Once a maritime powerhouse, Pisa now owes its spot on the well-trodden tourist trail of Italy to something else entirely: an unnervingly wonky tower, which cheerfully photobombs every photo you’ll attempt to snap in the Piazza dei Miracoli. The Leaning Tower of Pisa may draw in hundreds of thousands of visitors annually, but there’s arguably more to this city than its famous tilting tower.
If Oxford is the City of Spires, then Lucca is the City of Towers. (Towers which, in my humble opinion, outshine the iconic Leaning Tower in neighbouring Pisa.) Having spent three days exploring the nooks and crannies of each of the Cinque Terre’s picturesque villages, we were keen to make the most of our time in Italy and, at Laurence’s colleague’s suggestion, decided to spend our final full day in Lucca. It was a hop, skip and a train ride away from Manarola, and we felt it was a day well spent.
If push came to shove, I’d say that the highlight of my trip to the Cinque Terre was the full day that we spent hiking from Manarola to Vernazza, via Volastra and Corniglia. The Cinque Terre is one of those places that looks spellbindingly beautiful whatever the weather, but when the sea glitters and the colourful façades glow in the sunshine, it’s truly other-worldly. Without further ado, let’s pick up where we left off: tracking down the starting point of the trail to Vernazza.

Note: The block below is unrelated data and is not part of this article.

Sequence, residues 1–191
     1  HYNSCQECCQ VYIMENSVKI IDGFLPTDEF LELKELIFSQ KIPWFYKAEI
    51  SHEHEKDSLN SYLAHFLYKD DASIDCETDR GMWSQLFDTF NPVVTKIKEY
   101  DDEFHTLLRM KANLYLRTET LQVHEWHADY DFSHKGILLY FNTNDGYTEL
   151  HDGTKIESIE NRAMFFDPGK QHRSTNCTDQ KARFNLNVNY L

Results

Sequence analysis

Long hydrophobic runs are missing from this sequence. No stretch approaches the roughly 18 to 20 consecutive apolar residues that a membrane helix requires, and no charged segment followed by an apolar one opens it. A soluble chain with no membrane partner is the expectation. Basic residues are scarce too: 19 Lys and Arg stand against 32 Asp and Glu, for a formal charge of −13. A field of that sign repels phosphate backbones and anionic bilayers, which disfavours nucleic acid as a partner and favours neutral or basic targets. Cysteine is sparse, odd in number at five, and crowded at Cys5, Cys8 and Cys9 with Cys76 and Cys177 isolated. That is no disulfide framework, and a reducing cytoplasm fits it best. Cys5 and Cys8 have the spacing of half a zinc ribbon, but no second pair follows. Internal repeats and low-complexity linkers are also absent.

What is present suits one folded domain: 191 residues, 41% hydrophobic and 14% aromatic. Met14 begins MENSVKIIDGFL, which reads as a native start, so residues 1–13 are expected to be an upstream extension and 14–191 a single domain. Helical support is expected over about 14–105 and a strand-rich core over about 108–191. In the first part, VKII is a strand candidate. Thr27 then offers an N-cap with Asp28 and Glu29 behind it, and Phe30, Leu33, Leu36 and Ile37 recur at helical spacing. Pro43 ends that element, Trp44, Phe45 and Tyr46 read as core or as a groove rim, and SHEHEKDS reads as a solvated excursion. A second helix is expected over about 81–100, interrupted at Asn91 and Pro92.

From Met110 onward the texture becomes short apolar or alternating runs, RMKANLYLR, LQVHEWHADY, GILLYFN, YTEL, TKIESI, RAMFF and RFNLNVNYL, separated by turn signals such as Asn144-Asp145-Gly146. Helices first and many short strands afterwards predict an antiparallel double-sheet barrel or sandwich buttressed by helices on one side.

One of the things that drew us to the Cinque Terre was the promise of hiking trails and hills. Cambridge, you see, is sorely lacking in that department. After two days of cloudy skies and intermittent sunshine, we were treated to a day of scorching temperatures and cloud-free skies. We picked up some chocolate and jam croissants, washed them down with coffee (well, Laurence did), and hit the trail.
According to the well-known proverb, the early bird catches the worm. Or, in our case, the pastries. (I know which one I’d rather.) With everyone else having a lie-in – it was a Sunday, after all – we had pick of the pastries at Pasticceria Corbani. After much umming and ahing, I went for the pear and chocolate pastry, while Laurence opted (surprise, surprise) for the Nutella swirl. (If there’s a way of getting Nutella into a meal, he’ll find it.) Pastries in hand, we made our way down to the small harbour, set on enjoying our breakfast with a view of Manarola.
Unsurprisingly, the Cinque Terre is firmly on the radar of many a travel enthusiast these days. Clinging to the cliffs, these pastel-coloured villages and their harbours filled with fishing boats are the epitome of picturesque. Truth be told, I simply don’t have the words to describe the beauty of the Parco Nazionale delle Cinque Terre and its five lands – but I’ll give it my best shot.
When I was living in Lyon, Sundays were synonymous with trips to the Parc de la Tête d’Or, the city’s largest park and the centrepiece of the sixième. I witnessed the changing of the seasons in all its glory: the leaves turning from green to shades of russet, amber and garnet; delicate layers of frost clinging to the plants in the weak winter sun; the swathes of daffodils on the verges heralding the start of spring; and the return of picnickers and pedalos to the park in early summer.